The Poisonwood Bible Analysis

903 Words4 Pages
Religion, like many things, is taught and learned, passed through the generations, written in many forms and spoken in many languages all around the world, yet how one perceives and uses it, gives religion a further meaning. For many years now in places as Africa where Kingsolver places the novel, religion isn’t taken as seriously, as it is idealized in the western world, it is in different forms than what westerners are used too, but unwillingly, individuals are forced into the westerns way of teaching, compelling them to believe it can fix all their problems. In The Poisonwood Bible, Barbara Kingsolver criticizes the way religion affects an individual’s arrogance, political stance, and guilt, due to a belief that religion can fix…show more content…
In the end, the neck you save will be your own… What I feel down in my bones is the this is not a Christian kind of place. This is darkest Africa.” (Book 6, Chapter) Overall religious arrogance affected all the prices when arriving at the Congo, they came with the belief that everyone’s problems will be fixed by being on gods gracious side, yet nothing was fixed, this caused the price girls to begin losing faith and gaining an arrogance that their new beliefs are most correct.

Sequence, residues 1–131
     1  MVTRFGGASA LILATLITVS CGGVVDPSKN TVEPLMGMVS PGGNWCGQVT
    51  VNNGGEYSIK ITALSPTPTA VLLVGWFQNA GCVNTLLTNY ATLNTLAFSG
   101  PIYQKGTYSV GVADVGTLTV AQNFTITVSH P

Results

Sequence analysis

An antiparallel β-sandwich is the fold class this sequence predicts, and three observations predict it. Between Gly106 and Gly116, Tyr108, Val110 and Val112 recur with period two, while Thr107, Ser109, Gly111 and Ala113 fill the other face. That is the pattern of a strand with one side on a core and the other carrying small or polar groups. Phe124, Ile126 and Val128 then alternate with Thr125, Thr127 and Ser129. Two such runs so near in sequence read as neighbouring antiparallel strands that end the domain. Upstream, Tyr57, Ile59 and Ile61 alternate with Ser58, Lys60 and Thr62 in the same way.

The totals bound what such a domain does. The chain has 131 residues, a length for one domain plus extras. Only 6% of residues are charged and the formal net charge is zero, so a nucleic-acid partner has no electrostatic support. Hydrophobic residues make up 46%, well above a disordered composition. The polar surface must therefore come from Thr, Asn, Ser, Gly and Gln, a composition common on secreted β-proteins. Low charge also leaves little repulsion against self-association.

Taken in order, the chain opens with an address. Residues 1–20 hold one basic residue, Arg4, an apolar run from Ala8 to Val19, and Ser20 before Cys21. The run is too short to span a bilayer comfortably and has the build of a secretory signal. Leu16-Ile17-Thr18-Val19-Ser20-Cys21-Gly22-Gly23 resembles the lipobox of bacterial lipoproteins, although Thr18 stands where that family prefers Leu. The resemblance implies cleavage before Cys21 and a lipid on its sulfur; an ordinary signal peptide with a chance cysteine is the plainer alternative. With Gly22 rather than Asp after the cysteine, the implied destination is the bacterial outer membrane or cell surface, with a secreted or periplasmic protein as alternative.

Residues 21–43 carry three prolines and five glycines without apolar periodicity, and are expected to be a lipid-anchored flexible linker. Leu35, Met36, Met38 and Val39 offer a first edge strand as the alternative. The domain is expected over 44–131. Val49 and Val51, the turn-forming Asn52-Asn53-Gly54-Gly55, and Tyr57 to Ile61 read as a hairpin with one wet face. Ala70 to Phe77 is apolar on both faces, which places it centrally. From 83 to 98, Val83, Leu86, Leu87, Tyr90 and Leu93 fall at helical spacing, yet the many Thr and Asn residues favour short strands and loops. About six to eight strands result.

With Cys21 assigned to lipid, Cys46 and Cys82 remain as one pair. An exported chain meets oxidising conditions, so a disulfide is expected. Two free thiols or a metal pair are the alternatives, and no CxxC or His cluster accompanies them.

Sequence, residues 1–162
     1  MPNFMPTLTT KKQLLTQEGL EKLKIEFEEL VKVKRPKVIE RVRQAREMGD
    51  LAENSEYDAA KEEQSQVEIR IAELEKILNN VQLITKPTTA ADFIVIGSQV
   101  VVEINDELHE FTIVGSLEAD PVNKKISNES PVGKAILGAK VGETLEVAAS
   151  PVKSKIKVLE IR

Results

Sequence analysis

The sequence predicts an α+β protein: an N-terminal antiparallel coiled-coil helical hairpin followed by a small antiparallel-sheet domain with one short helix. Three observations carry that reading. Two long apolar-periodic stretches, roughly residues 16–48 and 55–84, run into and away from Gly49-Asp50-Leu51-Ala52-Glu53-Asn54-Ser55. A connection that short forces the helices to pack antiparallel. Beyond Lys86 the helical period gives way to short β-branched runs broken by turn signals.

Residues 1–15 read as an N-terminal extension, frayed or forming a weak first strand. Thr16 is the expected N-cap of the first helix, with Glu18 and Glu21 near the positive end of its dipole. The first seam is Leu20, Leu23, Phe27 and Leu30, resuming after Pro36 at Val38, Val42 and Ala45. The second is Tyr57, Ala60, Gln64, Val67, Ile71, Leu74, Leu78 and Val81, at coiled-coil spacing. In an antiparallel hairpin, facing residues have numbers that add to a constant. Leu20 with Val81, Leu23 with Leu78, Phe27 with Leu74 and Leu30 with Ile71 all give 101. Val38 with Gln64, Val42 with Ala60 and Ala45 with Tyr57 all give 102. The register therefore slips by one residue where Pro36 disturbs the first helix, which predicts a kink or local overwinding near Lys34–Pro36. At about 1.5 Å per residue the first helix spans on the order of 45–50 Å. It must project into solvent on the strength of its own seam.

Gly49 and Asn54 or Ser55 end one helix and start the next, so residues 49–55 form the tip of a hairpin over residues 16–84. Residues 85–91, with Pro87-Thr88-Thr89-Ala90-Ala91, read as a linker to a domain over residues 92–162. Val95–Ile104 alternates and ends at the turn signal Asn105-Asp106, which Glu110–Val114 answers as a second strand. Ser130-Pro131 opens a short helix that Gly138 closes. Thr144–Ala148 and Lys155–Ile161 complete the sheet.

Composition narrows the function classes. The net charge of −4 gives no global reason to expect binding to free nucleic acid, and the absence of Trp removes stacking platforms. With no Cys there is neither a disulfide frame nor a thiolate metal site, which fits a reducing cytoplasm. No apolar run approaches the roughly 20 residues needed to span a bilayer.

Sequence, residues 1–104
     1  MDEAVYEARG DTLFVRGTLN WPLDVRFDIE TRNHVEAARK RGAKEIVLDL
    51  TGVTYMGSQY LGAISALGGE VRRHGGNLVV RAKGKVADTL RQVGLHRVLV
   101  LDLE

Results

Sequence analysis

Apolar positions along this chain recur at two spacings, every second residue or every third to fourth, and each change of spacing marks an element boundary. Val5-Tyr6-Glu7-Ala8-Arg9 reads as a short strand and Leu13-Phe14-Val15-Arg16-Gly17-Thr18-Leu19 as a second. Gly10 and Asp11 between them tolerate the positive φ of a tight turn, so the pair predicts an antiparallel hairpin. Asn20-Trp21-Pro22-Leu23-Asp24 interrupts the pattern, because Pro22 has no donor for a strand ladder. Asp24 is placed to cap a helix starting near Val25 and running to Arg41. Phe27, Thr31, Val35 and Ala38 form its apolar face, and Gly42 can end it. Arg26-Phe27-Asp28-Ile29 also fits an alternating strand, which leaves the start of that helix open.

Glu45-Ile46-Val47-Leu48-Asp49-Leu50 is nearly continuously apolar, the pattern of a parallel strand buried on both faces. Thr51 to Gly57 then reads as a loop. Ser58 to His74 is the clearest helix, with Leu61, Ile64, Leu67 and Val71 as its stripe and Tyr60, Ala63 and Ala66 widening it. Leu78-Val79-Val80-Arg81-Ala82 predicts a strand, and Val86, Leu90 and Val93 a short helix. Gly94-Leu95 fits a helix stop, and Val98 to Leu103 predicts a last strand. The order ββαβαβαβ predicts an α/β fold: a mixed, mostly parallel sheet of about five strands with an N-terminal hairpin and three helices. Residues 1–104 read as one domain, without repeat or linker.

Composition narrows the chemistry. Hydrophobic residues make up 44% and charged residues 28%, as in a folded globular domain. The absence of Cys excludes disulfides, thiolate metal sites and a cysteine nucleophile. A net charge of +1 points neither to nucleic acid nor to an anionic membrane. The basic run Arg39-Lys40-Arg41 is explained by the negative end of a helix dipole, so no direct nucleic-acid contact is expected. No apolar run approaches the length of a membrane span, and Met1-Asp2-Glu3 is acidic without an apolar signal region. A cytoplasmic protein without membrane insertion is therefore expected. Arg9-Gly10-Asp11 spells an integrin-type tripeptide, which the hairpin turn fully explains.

During the time period, The Poisonwood Bible took place, the Congo was undergoing many political changes, from gaining their independence to the rise of Mobutu, it conflicted all individuals in the Congo, even the prices, who believed it all to be in Gods will that Congo will be fixed, yet every time the situation got worse, causing some prices like Ruth and Leah to undergo political changes in their views along with religious views, Kingsolver criticizes this. “The ceiling light was a clear glass bowl half full of…dead bugs. They like to come up to the light because it is so, so pretty like something they want, and then they get trapped in there.” (Book 2 Chapter 2 Pg. 123) This quote coming from Ruth is a metaphor of what is going on politically, Religion cannot fix all and this metaphor highlights Congo’s motivation and how they want the independence the western world has yet they advance for it head first. Kingsolver criticizes the way individuals

More about The Poisonwood Bible Analysis

Get Access